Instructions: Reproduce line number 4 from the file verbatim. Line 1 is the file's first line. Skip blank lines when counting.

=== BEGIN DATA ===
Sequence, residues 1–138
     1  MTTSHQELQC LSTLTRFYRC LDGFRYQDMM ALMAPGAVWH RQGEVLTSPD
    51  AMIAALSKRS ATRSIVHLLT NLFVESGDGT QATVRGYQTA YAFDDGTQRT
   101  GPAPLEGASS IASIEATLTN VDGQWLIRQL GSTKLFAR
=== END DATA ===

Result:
   101  GPAPLEGASS IASIEATLTN VDGQWLIRQL GSTKLFAR